Your best take: My pink boy

A man who demonstrated his cooking chops early on weighs in on Sarah Hoffman's story about her "feminine" son

Published February 22, 2011 9:11PM (EST)

Sarah Hoffman's story about her "feminine" son prompted heated responses from our readers. Our favorite came from jcwtts1:


I'm a straight guy in my 30s. But I had an easy bake oven, thought I was wonder woman (loved the invisible plane and the bracelets that could block bullets) and after seeing the "Seven Samurai" used to wear one of my mom's skirts as I fought ninja and other samurai in my back yard. I also had a bow and arrow, a bb gun, played tons of sports, and would and could fight.

On hobby day in second grade I brought the Easy-Bake Oven to school and as everyone teased me set it up and started baking. Once done everyone was begging me for cakes and cookies and I refused to give them to anyone who had teased me. The teacher said that I had to share with everyone or no one so I threw them all out. The next time I brought the oven to school no one teased me. At all.

My Mom wanted a girl and got two sons. Two 6'4" sons built like NFL linemen. My brother can shop, I can cook, my brother understands how to decorate a house, I understand how to feed a family of four. My brother reads magazines that deal with decor, I can tell the difference in perfumes and how they interact with body chemistry. We're both straight. But while my older brother was running football patterns and watching the Eagles on Sunday I was in the kitchen watching old black and white movies making sunday dinner with my Mom.

Life is complex. I'm a teacher and I've had to tell these stories to parents, panicked and terrified of the gay son or the lesbian daughter. They think that because their daughter plays football with the boys she is a lesbian and because their son jumps rope with the girls that he is gay.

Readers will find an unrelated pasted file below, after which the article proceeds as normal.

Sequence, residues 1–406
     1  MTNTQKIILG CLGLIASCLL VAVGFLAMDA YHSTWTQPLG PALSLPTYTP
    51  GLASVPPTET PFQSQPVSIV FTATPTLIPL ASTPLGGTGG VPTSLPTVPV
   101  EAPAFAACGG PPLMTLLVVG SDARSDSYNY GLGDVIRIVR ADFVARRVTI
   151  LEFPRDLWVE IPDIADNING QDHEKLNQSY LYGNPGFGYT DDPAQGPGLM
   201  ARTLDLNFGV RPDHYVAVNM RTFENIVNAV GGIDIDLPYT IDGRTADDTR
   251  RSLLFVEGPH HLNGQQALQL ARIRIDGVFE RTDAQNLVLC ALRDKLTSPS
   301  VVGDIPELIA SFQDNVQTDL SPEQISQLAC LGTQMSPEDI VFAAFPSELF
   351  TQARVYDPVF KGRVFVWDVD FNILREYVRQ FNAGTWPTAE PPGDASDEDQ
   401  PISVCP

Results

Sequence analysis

They never ask themselves if the girl is playing football because her Dad worships that game and she loves her Dad, or if the boy is jumping rope because a girl he likes skirt flies up every time she jumps and he can see her panties if he holds his head just right. They never ask that.

I had the first co-ed birthday party in K - 4th grade. I sat with the boys and the girls at lunch alternately depending on who had the best sht that day. When I punched my hands through dixie cups and used the resulting bracelets to pretend to block bullets my Dad was horrified, but he didn't say anything so I never thought about it. When I used to spin around like wonder woman. again, he was horrified, but never said anything. I grew out of it. And then one day, when I was wearing a skirt, holding a wooden sword, with a bow and arrows strapped to my back, my Dad finally got it. I was just having fun. It didn't mean anything either way. In high school I didn't play football I was the editor of the lit mag, the sports editor for the newspaper, I had a group of friends who were girls and I read and wrote poetry. Now I make my living reading poetry and guess what, I'm still straight, I just actually like poetry. My point is, wearing a dress to school, maybe a little too much, but making a huge deal out of gender assignments to kids who do not, in any way, sexualized those things, is a terrible idea. Terrible. There are tons of studies that kids don't sexualize two daddies or two mommies, that telling a kid jon has two daddies doesn't make it likely the kid will be gay, that it has zero effect at all, that gay doesn't indicated a sexual act to a child, all of that pressure and reaction and taboo bs comes from parents who hear gay and think gay sex. It isn't the kids who have the problem it is their parents. The sooner we get that straight the better.

To read the rest of the letters, click here.

By Salon Staff

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